>> good at handling a TV remote. This, plus the fact that my aunt seems
    >> to be fine at understanding people made her wonder if anyone makes a
    >> remote-sized thingie with a button to say "yes" and a button to say
    >> "no". Frankly, I think Aunt would vastly amused by a third button to
    >> say "You $#%@!".
    >>
    >> This seems like an obvious thing to have available, yet I cannot find
    >> anything. Has anyone run across such a beastie, or have any
    >> suggestions on search terms that might make Google or Yahoo cough up a
    >> pertinent web site?

    >
    >
    > Until that box is made available, try this on your XP notebook:
    > Start > Control Panel > Speech > Text to Speech tab >
    > Type something into the Preview Speech box and click 'Preview Voice'
    >
    > It is cool.
    >
    > --Winston


    And:
    http://www.research.att.com/~ttsweb/tts/demo.php
    Somewhat cooler.

    --Winston
    Winston, Jan 29, 2007
    #7
  8. On Sun, 28 Jan 2007 20:31:37 -0800, the renowned Tim Wescott
    <> wrote:

    >This is totally off topic, but you're a smart bunch.
    >
    >My aunt recently had a major stroke. She's coming back to us, but it's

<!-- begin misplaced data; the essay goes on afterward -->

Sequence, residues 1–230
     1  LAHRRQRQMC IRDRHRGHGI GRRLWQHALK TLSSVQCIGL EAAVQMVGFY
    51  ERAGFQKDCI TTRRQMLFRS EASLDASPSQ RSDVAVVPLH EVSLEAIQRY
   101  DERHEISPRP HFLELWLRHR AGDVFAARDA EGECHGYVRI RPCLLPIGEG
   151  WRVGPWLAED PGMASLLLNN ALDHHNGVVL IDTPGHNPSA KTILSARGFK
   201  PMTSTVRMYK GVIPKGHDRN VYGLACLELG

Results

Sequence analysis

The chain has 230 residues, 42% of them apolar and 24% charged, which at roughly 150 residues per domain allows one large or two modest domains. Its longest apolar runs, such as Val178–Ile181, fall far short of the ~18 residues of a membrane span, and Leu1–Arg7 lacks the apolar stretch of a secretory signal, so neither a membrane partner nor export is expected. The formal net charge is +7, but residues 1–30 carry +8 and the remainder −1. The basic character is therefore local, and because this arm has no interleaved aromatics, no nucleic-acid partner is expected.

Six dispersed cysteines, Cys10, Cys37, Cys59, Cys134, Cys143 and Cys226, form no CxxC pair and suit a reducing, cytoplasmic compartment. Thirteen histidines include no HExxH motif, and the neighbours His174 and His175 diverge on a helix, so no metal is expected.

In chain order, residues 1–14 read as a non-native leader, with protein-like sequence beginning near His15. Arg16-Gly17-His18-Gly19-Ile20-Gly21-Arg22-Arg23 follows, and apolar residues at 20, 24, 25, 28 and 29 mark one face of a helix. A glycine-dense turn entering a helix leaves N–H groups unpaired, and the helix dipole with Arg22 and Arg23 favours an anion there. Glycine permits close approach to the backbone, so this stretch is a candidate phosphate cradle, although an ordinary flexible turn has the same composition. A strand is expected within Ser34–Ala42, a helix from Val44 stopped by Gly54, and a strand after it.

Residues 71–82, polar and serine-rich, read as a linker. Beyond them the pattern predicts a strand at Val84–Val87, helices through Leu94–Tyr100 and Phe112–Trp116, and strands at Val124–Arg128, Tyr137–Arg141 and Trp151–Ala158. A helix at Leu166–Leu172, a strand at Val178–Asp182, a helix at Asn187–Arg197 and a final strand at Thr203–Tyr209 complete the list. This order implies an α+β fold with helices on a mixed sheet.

>affected her severely and she'll probably never regain her speech.
    >
    >My mother was visiting her the other day and noticed that she's quite
    >good at handling a TV remote. This, plus the fact that my aunt seems to
    >be fine at understanding people made her wonder if anyone makes a
    >remote-sized thingie with a button to say "yes" and a button to say
    >"no". Frankly, I think Aunt would vastly amused by a third button to
    >say "You $#%@!".
    >
    >This seems like an obvious thing to have available, yet I cannot find
    >anything. Has anyone run across such a beastie, or have any suggestions
    >on search terms that might make Google or Yahoo cough up a pertinent web
    >site?
    >
    >Thanks.


    Yes, Tim there is a fair range of such devices for suitable for people
    who suffer from aphasia. Costs are a bit silly high, but usually it's
    covered by some kind of insurance or another. Suggest you ask the PT
    for recommendations.

    Here's what looks like an exhaustive list if you want to investigate